One of the most egregious decisions handed down by the U.S. Supreme Court came to us last year, when it struck down Section 4 of the Voting Rights Act of 1965. This decision gave nine states, mostly in the South, the ability to change their election laws without advance federal clearance. Section 4 was created to determine which states would need approval from the Justice Department or a federal court to make major or minor changes to voting procedures, such as relocating polling places or redrawing electoral districts. We applaud the vigilance and efforts on the part of the U.S. Attorney General to protect the voting rights of citizens in these affected states. However, we must continue to implore Congress to pass a new bill to determine which states would be covered under the special provisions of the Voting Rights Act once again.

A number of issues of inequality still cast an oppressive shadow over many women today. One of the most pressing is a quest to obtain equal pay for women. Today, women earn approximately 77 cents of one dollar that men earn. We know that two-thirds of households in the U.S. depend on a woman’s income to survive. In April, the Paycheck Fairness Act of 2014 failed to pass by six votes in the U.S. Senate. It was the third time in recent years that wage equality legislation failed to pass. The number of working women continues to grow, but the inequity does not change. We must continue to call on Congress to do the right thing and pass legislation that will help hard working women secure equal pay for equal work.

One of the most crucial solutions to resolving our ongoing quest to attain absolute equality, is for women to become more directly involved in government. Unfortunately, there has only been a slight increase in the number of women running for legislative office in New Jersey and collectively throughout the country. According to the Center for American Women and Politics (CAWP), there are significant advantages realized when women succeed in government: “The American public rates women above or equal to men in seven of eight traits considered crucial for leadership – women are perceived as outgoing, hardworking, honest, intelligent, creative, compassionate, and ambitious. Women are ranked higher in public polling than men in five of seven key policymaking areas, including working out compromises, keeping government honest, standing up for what they believe in, and representing constituents interests.”

Let’s remember that Women’s Equality Day is also a time to celebrate our successes. So, lean back and close your eyes. Let your mind wander to that historical day in 1920 when women received the right to vote. Feel the joy, the emotion, the hope that filled the hearts of so many. Take genuine pride in knowing that the League of Women Voters was there to usher them across a new terrain, and has been present ever since to help ensure democracy, and equality, for all. Then join us as we keep working toward a brighter future.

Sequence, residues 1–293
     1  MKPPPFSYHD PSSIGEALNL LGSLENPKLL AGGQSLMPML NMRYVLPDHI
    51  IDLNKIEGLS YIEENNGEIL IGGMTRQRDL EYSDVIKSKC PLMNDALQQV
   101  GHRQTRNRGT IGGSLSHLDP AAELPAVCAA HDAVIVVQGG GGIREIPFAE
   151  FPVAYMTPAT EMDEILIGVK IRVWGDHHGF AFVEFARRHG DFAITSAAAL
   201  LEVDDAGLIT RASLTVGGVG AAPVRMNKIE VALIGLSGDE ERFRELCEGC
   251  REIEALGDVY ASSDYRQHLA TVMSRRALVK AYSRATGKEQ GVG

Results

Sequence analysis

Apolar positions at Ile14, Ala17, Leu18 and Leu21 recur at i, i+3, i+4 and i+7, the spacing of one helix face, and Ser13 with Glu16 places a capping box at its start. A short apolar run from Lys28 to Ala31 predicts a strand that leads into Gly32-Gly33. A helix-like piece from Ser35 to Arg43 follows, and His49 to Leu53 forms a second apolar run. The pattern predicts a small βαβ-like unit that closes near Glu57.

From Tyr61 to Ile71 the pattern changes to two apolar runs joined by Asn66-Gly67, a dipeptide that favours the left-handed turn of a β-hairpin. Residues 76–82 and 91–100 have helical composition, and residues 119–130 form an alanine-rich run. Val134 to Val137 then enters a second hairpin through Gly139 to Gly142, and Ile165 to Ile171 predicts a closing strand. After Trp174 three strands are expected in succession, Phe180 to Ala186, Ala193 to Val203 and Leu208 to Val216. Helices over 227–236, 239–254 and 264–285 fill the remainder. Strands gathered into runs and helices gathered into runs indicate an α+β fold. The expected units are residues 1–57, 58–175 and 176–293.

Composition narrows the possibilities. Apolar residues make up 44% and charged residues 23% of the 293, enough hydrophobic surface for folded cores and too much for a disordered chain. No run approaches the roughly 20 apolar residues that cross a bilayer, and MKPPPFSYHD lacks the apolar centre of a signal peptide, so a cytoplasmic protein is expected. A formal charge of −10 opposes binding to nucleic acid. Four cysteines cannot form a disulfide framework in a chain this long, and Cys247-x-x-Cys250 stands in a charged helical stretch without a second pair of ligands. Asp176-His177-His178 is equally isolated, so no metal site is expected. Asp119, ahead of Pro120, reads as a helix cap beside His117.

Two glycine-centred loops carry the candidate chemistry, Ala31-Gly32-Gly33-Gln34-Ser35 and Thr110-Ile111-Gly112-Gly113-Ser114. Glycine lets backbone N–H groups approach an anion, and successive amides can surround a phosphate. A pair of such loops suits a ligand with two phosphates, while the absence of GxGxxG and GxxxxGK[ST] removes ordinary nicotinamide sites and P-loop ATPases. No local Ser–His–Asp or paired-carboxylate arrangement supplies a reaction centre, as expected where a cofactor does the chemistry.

Women’s Equality Day: The March Continues

The following blog is written by Toni Zimmer, President of the League of Women Voters of New Jersey.

After participating in the historic 50th Anniversary March on Washington in our nation’s capital this weekend, I still feel the giddiness and euphoria of being part of such an important and powerful event. As the first African American president of the League of Women Voters of New Jersey, I felt especially proud to stand with so many other organizations to celebrate this commemorative March. The collective voice and sense of purpose from the thousands of people who graced the Mall could not be mistaken:  We must have equality and justice for all, we must protect women’s rights, we must preserve our voting rights.

ImageToday we celebrate another historic moment in time. It’s Women’s Equality Day, the historic anniversary of August 26, 1920, when the 19th Amendment was ratified giving American women the right to vote. The League of Women Voters of New Jersey joined in the original 1920 effort to launch this successful transition.  But please, don’t kick up your heels just yet – that old cliché still holds true:  “A woman’s work is never done,” especially when it comes to ensuring that voting rights for women, and men, are forever granted and protected.

 This is especially relevant today because last June, the Supreme Court gutted Section 4 of the Voting Rights Act of 1965, a decision that gave nine states, mostly in the South, the ability to change their election laws without advance federal clearance. Section 4 was created to determine which states would need approval from the Justice Department or a federal court to make major or minor changes to voting procedures, such as relocating polling places or redrawing electoral districts.

ImageThe negative effects of the Supreme Court decision were realized almost immediately. Before the ink on the 5 to 4 decision was barely dry, Texas placed a previously banned voter identification law into effect, and announced that their bogus redistricting maps were valid and no longer needed federal approval. We must implore Congress to pass a new bill to determine which states would be covered, once again, under the special provisions of the Voting Rights Act of 1965.